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Cloud, Open Source Power TransLink's Web Presence [July 16, 2014]

Submitted on
Wednesday, July 16, 2014
,
Computerworld

By Rohan Pearce
Queensland public transport agency finds value in Drupal community
It was an aging bespoke application that drove TransLink to seek a new content management system, but it was the strength of the community surrounding the open source project that helped the Queensland public transport agency choose Drupal.

Prior to the switch to Drupal, which began last year, the former TransLink site was partly based on static files and partly on a "home-grown CMS that managed a lot of our custom content such as service disruption and events, so that we could do a little bit of distributed authoring within the organisation," said Natalie Gorring, manager, online products and services, at TransLink.

The old CMS, based on the Yii Web framework "was a few years old and needed updates," Gorring said. "As the TransLink website was evolving, we weren't able to keep up with updating the CMS that we had." As a result, TransLink started looking for alternatives.

"We didn't want to keep putting Band-Aids on our old CMS," Gorring explained.

The organisation reviewed a number of open source and proprietary CMSes, and Drupal came out on top. The open source project's active community was a factor in the decision, Gorring said. In addition, the TransLink team had in-house PHP skills, and that was also a factor in choosing the new CMS.

For the transition, TranLink relied heavily on its in-house skills but partnered with Acquia, the Boston-based company founded by Drupal creator Dries Buytaert, for hosting. The TransLink site is hosted in Acquia's cloud service, Gorring said.

"The [Queensland] government at the moment is very supportive of cloud and data sharing," Gorring said.

(An IT strategy update released by the Queensland government in May this year placed cloud computing "at the centre of government ICT reform" in the state.)

Going with a cloud service "took some pressure off our business systems team, and we have a contract with Acquia for 24-hour support," Gorring said. The TransLink site gets around 130,000 unique visits daily.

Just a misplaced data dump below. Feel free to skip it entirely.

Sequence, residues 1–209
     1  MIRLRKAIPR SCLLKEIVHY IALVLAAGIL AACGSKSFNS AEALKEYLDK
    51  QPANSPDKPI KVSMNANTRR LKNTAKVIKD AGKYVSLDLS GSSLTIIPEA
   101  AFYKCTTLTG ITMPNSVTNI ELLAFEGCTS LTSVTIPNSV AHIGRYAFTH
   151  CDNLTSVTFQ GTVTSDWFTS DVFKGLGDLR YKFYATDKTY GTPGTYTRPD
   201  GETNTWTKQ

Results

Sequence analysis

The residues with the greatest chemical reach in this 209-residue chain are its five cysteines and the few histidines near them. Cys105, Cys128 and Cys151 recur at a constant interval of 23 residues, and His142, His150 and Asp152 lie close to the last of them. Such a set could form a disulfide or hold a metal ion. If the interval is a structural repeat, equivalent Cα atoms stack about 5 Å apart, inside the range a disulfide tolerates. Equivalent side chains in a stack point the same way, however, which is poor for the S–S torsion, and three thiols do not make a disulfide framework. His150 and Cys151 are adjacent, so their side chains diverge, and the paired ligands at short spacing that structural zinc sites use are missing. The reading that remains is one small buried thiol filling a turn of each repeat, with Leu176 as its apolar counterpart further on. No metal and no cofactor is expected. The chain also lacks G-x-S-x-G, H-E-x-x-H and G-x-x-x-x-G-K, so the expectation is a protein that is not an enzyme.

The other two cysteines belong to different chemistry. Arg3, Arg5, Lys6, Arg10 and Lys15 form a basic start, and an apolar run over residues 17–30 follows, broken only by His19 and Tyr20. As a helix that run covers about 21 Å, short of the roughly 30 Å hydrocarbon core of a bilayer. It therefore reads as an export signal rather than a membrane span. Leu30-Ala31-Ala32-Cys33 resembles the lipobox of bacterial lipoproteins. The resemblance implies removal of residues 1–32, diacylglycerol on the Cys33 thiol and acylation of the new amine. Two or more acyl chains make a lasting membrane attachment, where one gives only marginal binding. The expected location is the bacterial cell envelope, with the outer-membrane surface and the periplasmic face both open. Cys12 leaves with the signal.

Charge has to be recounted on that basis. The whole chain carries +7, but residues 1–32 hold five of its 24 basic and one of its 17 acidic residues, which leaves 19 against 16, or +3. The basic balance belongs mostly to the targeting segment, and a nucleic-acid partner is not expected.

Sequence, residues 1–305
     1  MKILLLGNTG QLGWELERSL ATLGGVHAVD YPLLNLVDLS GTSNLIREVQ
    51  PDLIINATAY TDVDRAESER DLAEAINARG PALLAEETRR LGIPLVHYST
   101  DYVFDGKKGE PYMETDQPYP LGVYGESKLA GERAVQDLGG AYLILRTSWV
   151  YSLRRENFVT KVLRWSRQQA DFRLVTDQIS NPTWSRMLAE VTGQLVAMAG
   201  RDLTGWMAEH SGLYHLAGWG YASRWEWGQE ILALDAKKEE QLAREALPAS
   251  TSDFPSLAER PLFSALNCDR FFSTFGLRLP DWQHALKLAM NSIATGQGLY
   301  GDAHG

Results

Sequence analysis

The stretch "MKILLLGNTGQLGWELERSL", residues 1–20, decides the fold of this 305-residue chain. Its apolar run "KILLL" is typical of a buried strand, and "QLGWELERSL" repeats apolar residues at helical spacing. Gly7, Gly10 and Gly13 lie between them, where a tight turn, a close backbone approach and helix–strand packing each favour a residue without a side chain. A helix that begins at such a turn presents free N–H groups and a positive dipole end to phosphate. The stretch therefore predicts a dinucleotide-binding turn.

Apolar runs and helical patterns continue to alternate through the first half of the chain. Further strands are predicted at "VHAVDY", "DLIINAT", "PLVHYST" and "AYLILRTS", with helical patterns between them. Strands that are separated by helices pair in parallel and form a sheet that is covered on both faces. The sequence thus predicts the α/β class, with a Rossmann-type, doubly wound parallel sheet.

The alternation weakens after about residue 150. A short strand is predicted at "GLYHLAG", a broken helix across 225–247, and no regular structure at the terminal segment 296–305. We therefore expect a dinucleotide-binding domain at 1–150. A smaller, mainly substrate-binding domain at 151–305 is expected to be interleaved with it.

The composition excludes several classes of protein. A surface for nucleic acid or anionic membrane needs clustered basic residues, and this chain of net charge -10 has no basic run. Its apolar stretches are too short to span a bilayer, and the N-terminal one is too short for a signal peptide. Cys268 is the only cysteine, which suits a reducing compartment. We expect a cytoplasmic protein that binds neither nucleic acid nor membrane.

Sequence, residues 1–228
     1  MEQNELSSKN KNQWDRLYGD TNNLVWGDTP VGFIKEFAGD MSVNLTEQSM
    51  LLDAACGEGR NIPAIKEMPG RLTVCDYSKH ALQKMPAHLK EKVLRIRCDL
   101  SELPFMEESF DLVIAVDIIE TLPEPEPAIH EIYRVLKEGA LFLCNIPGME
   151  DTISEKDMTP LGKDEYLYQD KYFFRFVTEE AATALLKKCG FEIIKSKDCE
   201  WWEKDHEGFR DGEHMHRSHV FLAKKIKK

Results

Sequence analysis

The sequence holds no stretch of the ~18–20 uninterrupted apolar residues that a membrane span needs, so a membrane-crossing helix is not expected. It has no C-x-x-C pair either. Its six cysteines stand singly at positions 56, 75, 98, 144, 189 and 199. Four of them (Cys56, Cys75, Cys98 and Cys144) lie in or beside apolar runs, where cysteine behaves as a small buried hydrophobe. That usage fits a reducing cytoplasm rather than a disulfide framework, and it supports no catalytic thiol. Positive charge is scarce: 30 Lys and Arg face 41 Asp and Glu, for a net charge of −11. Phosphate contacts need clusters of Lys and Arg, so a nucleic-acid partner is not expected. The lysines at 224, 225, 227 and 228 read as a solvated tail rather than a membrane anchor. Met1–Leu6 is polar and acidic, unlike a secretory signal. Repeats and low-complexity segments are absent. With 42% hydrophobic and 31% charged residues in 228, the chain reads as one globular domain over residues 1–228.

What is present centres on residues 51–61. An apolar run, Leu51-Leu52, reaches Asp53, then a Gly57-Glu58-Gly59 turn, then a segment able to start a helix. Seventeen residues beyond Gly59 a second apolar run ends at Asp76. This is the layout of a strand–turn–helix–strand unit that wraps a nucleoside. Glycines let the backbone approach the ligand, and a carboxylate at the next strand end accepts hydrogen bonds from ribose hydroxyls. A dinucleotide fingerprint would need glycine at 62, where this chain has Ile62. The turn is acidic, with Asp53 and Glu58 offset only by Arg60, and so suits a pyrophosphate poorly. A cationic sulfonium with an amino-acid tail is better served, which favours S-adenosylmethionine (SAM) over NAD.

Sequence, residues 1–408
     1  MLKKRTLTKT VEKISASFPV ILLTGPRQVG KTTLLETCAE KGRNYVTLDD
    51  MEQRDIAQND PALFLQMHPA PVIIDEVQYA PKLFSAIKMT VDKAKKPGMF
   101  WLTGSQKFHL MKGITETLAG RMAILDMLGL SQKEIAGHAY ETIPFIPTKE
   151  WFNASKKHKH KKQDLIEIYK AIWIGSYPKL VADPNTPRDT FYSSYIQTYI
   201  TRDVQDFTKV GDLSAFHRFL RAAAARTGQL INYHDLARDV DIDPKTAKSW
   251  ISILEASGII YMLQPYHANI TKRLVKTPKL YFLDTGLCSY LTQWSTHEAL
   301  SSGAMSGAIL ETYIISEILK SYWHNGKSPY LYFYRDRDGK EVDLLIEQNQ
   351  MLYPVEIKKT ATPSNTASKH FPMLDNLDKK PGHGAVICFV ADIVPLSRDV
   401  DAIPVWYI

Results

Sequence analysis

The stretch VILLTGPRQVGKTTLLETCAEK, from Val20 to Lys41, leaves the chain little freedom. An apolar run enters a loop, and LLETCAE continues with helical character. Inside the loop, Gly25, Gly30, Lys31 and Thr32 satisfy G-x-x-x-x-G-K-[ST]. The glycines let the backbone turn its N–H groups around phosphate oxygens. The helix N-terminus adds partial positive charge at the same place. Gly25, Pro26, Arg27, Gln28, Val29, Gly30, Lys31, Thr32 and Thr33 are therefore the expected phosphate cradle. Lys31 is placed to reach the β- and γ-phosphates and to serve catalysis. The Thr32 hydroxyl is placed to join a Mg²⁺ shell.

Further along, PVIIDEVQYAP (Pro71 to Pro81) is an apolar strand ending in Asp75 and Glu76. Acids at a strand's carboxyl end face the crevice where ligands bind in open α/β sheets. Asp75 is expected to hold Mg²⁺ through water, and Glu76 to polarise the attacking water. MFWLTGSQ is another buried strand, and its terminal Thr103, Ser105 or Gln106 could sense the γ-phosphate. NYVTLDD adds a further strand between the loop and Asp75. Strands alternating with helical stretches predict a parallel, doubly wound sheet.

The initial scope of the Drupal project was a 'like for like' transition, replicating the organisation's existing website using the open source CMS. "We didn't have the time to add new features at the time," Gorring said. "For customers there was no difference, except maybe a few URL changes."

The transition took place over a period of around nine months, beginning late last year.

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Drupal gains ground down under

Submitted on
Thursday, July 24, 2014
,
Computerworld

Computerworld speaks with Drupal's lead developer and several Drupal shops about the open source CMS used in a growing number of organisations around the world, including the Prime Minister’s office.

The open source content management system (CMS), Drupal, continues to gain popularity both locally and internationally. The CMS powers several new high profile websites including the Prime Minister's site, launched last month and designed by Canberra-based company OPC IT and ABC's three digital radio websites – Dig Music, ABC Jazz and ABC Country. Internationally, it is used by organisations as diverse as Obama's administration in the US to Greenpeace to McDonalds.

Two years ago, Drupal's lead developer, Dries Buytaert, told Computerworld that his five-year goal was to see many more people using Drupal in many more places to build increasingly complex websites. With a number of attention-gaining Drupal sites launched around the world since then, it seems that Buytaert is on his way to achieving that goal.

Buytaert is predicting that, as has been the case in other countries, the recent launch of large government websites like the Prime Minister's and the ABC sites will trigger further Drupal adoption in Australia.